Huxley’s phrasing is telling. He speaks of “evolutionary doctrine” rather than “natural selection,” because even at the end of the century the latter was still not widely accepted as the chief mechanism of evolutionary change (that would not occur for several more decades) and T. H. Huxley himself had never fully embraced it. And the “authority” that was resisted and had sought to “crush” evolutionary doctrine with “ridicule” points, of course, to the clerical authority represented by Wilberforce. That simplistic notion of a clash or battle between science and religion, as revisionist accounts have frequently noted, was a reflection of the late-century rhetoric of scientific naturalists like Huxley, those advocates of science who wished to replace the authority of religion with the authority of science on a range of issues dealing with the natural and social worlds. This “conflict” model was vividly captured in the titles of two widely read books of the era, History of the Conflict of Science and Religion (1874), by none other than John William Draper, whose paper had sparked the exchange between Huxley and Wilberforce, and Andrew Dickson White’s A History of the Warfare of Science with Theology in Christendom (1896), the latter describing Huxley’s riposte as a “shot” that “reverberated through England” (1: 71). Such martial language and imagery, as we have seen, were part of Huxley’s own rhetorical stock in trade, both privately and publicly, in advancing the cause of Darwinism and scientific naturalism more generally.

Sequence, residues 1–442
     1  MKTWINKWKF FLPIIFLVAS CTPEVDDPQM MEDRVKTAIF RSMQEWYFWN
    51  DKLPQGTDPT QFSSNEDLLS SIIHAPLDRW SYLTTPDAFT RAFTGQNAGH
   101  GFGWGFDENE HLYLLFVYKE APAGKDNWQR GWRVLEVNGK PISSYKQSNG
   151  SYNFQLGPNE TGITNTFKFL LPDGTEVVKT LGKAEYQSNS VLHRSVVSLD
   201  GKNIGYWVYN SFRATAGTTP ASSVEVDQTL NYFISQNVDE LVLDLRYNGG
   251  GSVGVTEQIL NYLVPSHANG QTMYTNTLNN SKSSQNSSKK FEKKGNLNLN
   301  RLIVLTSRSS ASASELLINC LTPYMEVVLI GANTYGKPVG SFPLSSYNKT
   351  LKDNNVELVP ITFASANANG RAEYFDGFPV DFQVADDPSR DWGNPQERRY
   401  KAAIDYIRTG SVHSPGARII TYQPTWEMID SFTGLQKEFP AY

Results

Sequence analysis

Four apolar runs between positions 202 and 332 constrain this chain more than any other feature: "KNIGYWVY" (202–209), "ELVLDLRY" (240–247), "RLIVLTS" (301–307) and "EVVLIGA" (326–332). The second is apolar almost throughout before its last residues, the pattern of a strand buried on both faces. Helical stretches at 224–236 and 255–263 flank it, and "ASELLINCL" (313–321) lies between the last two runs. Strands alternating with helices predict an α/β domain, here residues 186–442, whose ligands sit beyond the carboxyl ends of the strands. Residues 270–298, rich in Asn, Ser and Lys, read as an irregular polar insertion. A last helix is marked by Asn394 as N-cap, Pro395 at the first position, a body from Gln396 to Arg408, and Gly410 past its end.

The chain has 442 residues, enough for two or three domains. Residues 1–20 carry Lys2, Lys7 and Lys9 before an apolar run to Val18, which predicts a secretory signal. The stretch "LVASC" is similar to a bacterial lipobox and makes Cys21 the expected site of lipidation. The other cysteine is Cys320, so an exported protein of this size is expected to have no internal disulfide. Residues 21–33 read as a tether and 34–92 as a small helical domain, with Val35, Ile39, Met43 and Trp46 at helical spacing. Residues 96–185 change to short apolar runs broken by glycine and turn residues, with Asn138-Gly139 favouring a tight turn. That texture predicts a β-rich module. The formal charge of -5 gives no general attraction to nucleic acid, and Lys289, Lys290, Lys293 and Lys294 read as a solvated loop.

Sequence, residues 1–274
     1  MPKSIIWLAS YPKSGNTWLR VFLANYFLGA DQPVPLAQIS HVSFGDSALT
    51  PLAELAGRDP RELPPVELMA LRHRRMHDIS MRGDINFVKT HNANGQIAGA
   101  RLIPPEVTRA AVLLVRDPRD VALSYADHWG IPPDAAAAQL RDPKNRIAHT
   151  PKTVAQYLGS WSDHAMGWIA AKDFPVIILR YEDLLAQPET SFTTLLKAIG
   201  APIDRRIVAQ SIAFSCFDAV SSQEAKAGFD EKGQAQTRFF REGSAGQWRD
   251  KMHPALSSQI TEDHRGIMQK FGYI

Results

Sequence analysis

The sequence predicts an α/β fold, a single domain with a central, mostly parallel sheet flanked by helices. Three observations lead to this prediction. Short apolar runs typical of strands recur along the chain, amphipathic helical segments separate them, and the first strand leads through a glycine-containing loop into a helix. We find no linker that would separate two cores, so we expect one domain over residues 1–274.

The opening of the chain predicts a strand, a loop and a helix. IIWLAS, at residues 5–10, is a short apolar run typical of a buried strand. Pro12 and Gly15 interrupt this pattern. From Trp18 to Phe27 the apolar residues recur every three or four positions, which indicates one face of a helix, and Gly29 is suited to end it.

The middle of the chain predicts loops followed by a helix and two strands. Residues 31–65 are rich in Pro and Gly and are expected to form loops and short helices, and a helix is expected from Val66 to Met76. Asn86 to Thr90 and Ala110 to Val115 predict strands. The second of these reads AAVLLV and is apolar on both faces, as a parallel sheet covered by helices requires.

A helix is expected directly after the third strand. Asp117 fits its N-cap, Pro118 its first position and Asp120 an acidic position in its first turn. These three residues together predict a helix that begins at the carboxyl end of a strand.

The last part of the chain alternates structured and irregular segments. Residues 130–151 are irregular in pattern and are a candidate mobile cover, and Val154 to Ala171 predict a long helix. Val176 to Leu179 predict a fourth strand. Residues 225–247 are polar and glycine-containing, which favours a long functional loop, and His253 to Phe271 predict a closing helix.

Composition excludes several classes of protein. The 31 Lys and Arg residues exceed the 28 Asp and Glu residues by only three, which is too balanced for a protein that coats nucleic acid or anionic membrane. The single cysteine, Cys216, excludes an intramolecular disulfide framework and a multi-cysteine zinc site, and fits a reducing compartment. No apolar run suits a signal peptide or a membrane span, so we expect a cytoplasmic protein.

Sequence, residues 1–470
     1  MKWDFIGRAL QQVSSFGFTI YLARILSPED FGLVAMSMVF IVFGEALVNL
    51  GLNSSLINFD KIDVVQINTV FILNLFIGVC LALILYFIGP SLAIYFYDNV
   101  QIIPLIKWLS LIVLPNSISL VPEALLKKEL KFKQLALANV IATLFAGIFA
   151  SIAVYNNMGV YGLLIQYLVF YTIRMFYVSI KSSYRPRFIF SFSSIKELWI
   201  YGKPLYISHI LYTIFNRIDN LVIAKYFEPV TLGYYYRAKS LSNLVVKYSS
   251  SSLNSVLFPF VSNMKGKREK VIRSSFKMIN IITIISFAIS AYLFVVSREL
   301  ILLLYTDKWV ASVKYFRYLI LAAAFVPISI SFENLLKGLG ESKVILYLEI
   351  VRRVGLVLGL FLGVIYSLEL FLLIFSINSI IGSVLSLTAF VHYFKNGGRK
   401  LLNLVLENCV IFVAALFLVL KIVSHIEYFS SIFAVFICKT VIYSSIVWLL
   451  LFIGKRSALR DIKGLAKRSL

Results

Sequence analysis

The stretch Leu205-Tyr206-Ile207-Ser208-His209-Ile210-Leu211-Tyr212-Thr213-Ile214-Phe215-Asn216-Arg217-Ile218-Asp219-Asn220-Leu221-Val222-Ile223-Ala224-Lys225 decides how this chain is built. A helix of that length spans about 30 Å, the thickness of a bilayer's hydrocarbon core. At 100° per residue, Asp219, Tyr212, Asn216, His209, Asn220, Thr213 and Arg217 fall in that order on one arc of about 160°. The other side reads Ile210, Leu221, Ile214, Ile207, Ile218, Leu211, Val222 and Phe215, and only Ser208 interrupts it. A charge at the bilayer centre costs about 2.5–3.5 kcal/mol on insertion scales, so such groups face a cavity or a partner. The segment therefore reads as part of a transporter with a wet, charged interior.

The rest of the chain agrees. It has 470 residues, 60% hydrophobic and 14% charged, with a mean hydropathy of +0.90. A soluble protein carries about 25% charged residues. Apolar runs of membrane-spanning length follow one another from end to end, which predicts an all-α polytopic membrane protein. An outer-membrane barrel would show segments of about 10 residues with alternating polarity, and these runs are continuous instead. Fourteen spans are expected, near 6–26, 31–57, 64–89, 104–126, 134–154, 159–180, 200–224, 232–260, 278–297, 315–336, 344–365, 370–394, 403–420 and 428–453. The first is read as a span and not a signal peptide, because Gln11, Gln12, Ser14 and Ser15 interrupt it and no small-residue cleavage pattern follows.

At the time of the Oxford debate, the relationship between science and religion was being shaped in more subtle ways. Chief among these was professionalization within science. The Oxbridge dons and country parsons who had dominated the pursuit of the natural sciences in Britain in the first half of the nineteenth century were giving way to men like Huxley, men often from the middle and lower-middle classes and from outside of the Anglican communion, men who had been trained in science and pursued it as a vocation rather than an avocation. Such men often rejected or had little use for the rationale that the study of nature reinforced the understanding of nature’s god. They bristled at the notion that there were aspects of nature they should not investigate, or theories they should not promote. For Huxley, the morality of the scientist lay in resisting appeals to authority and affirming as true only that for which he can provide empirical evidence. A few years after the Oxford meeting, he would coin the term “Agnostic” to describe this position. Wilberforce in Huxley’s eyes epitomized both the kind of person and the mode of thinking Huxley wished to purge from science: a privileged, Oxford-educated figure of authority in the Anglican church, holding forth at the BAAS—despite not working as a scientist—in an effort to quash discussion of the major scientific controversy of the day.